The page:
~Rebecca Fyfe (Becky)

Kim Pfennigwerth said...

I have a story that I have written and revised on and off for 3 years. it is bland, everyone loves the idea but I haven't been able to really make it shine. This morning - I started re-writing it in rhyme to tighten the concept of what the arc is and what the funny moments are. I am so thrilled with this challenge this week!

Jen Swanson said...

Ah, the joys of nonfiction -- where to start? I have that same problem. Sometimes you just can't decide because all of the information is interesting. But I like your plan. Write is all down and then see what fits and what doesn't. Tried that today with my WIP and it helped tons! Thanks for the tip, Shirley!!

Pat Miller said...

Hello, fellow LibrarySparks author! I had the same process with my recent biography, and felt I was betraying my person by not bringing to light his many heartbreaks and achievements. But it was just too long. Better to bring a focused story to publication so readers will know something about him, than to cover it all and have him languish with my other unpublished MS.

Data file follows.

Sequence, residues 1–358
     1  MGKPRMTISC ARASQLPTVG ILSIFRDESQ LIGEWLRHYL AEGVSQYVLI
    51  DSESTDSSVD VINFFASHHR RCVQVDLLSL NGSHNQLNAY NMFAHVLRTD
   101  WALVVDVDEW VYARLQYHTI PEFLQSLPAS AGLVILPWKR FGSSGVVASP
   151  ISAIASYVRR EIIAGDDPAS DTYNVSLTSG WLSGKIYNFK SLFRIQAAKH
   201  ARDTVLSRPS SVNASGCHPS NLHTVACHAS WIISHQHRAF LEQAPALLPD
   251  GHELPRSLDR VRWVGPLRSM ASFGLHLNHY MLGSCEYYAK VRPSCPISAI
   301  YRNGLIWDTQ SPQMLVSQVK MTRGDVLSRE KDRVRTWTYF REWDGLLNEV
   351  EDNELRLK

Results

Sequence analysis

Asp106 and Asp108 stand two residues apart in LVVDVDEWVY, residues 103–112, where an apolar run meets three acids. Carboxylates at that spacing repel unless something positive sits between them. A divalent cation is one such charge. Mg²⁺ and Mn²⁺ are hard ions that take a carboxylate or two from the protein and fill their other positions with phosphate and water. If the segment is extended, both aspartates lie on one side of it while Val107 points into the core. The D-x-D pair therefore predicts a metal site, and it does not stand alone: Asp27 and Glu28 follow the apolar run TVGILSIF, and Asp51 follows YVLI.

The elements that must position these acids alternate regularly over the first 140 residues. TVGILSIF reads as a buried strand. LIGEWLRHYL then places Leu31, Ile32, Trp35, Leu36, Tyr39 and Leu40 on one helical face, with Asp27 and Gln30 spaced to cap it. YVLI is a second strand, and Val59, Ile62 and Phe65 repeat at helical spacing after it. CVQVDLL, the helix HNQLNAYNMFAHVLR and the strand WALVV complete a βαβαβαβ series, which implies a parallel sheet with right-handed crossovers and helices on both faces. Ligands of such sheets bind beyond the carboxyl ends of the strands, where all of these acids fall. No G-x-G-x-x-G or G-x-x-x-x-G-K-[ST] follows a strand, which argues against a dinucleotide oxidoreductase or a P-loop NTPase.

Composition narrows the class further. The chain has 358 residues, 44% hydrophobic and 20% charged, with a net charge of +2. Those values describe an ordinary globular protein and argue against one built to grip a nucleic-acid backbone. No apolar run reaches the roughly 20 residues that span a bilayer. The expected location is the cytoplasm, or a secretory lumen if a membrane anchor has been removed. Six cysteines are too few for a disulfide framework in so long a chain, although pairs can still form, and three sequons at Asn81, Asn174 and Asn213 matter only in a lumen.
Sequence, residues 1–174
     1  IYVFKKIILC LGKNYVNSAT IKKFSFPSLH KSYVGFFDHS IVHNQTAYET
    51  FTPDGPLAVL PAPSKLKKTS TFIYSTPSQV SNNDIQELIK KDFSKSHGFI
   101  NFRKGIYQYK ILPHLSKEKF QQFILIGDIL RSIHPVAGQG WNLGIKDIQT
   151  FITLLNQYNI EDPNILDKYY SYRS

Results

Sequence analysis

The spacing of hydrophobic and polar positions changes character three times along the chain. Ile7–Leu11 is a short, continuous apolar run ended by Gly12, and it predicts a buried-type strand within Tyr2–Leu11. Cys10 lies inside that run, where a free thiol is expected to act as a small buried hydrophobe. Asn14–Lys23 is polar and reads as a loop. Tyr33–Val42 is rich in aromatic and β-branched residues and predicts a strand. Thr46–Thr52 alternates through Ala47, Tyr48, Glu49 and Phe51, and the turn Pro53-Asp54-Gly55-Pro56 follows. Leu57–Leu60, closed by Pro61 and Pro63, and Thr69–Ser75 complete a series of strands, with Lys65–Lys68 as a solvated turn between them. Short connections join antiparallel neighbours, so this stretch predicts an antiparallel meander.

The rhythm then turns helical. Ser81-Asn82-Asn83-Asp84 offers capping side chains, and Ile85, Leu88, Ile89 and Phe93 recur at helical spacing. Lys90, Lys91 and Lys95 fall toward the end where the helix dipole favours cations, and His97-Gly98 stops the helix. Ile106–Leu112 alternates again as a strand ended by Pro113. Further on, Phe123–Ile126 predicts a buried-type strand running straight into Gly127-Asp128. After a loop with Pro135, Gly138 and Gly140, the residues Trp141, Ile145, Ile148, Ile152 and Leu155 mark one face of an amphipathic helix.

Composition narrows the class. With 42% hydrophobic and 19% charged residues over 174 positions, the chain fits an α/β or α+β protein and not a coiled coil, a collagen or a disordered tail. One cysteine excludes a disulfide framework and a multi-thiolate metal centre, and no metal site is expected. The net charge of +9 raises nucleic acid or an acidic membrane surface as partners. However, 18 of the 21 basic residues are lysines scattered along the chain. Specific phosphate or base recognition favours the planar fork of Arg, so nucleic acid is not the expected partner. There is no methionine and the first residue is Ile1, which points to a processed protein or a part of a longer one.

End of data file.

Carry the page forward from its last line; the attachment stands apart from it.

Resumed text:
Julie Fulton said...

'Revision isn't rearranging words, it's an overhaul' - love it. I am now ging to mentally tear up the PB draft I've been working on and overhaul it. For once I'm looking forward to re-writing. Thanks! It's also been interesting reading about a non-fiction writer's process. I've been considering tackling some musical non-fiction topics. I might just give it a go now.

Sue Heavenrich said...

Hi Shirley - I am learning those same lessons: wanting to put everything into the pot, and then finding it too long, too bland, and not at all what I want to say. Today's revision goal is to sharpen focus on a specific character. Oh yeah, and to find those critique notes.... Thanks for sharing your lessons learned.

deborahhwilliams said...